If you think parenting might be an option for you, but you have concerns about money, baby supplies, insurance or your parenting skills, there may be local help available. 

I’d like to save this pregnancy, but I’ll probably get kicked out of my house. What should I do?

Email us at help@apr.lifeWe will help you find the resources you need for your particular situation. Most women might need a little (or a lot) of help. There are many organizations worldwide that help women and families with anything from baby bottles and diapers, to peer and professional consultations, and even housing.

Are the abortion pill and the morning-after pill the same thing?

No, they are different. The “morning-after pill” is marketed as an emergency contraception method. The most commonly used preparation contains a high level of progestin and can be taken up to 72 hours after sexual intercourse. New insights into how it works make it clear that it can prevent implantation of the young human embryo into the lining of the uterus. This is a contragestational or abortifacient effect, not a contraceptive effect.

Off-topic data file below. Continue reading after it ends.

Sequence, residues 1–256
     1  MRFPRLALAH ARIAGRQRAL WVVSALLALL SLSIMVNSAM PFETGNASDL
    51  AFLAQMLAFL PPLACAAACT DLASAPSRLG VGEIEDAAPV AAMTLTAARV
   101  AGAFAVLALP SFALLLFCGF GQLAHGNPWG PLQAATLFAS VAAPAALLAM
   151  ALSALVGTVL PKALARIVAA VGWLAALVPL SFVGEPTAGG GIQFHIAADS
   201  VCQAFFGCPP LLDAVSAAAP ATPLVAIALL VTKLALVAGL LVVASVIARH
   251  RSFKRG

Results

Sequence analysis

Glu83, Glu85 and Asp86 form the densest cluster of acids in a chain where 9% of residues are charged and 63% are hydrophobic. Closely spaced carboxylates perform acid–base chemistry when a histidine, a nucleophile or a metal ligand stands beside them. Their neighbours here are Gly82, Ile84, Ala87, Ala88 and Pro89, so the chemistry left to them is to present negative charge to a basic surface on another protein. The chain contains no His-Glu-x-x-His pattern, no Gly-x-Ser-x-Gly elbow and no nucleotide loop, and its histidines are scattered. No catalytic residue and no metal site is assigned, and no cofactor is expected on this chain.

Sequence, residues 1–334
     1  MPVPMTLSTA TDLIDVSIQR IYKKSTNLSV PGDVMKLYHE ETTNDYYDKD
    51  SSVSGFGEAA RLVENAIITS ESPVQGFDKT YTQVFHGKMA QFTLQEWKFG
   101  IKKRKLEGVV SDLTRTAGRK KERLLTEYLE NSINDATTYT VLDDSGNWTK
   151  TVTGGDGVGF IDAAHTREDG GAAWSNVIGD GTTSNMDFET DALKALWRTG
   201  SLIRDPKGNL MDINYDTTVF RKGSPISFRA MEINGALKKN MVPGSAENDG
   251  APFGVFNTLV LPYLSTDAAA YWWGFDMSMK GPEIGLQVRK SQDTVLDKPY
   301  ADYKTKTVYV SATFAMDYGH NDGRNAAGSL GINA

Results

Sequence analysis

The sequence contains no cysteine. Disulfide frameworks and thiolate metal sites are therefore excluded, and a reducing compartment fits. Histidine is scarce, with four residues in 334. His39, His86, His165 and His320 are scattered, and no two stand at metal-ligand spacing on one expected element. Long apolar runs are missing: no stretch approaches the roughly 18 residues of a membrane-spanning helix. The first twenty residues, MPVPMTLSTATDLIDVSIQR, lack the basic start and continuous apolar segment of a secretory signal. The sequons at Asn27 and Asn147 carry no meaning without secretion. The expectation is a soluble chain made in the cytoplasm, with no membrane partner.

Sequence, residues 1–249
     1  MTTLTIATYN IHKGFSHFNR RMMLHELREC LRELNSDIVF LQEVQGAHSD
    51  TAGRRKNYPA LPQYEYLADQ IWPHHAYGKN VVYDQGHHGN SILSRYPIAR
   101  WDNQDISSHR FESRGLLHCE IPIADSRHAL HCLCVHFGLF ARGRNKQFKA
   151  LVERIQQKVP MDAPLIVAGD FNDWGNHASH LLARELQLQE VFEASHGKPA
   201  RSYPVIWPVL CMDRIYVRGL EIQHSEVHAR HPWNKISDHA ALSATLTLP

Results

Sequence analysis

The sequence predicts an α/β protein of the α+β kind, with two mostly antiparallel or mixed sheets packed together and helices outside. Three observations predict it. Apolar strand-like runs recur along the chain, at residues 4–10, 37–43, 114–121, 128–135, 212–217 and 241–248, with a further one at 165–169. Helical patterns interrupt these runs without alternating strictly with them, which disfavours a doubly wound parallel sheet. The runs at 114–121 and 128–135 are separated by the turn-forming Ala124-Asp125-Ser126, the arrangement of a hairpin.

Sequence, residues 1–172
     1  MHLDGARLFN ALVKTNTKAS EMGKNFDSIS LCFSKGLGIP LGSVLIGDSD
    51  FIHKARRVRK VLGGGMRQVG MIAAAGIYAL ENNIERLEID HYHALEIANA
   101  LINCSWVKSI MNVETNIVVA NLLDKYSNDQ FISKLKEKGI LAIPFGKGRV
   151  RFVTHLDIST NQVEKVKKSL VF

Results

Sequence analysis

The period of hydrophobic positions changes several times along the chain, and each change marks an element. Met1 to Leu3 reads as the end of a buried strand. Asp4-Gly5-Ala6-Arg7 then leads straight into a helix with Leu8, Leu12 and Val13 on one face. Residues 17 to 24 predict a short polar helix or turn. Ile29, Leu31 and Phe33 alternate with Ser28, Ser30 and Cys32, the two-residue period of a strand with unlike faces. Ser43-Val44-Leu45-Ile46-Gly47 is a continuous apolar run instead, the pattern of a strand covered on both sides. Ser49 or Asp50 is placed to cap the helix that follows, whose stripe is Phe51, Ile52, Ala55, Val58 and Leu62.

The abortion pill, mifepristone, is taken up 70 days (10 weeks) into a pregnancy with the intention of causing an abortion. It works by blocking progesterone receptors. Progesterone is the necessary hormone that nurtures and supports a pregnancy.

The newest morning after pill, Ella, is very similar to mifepristone in its action in that it blocks progesterone receptors. It is approved by the FDA for use up to five days after intercourse and also has abortifacient effects.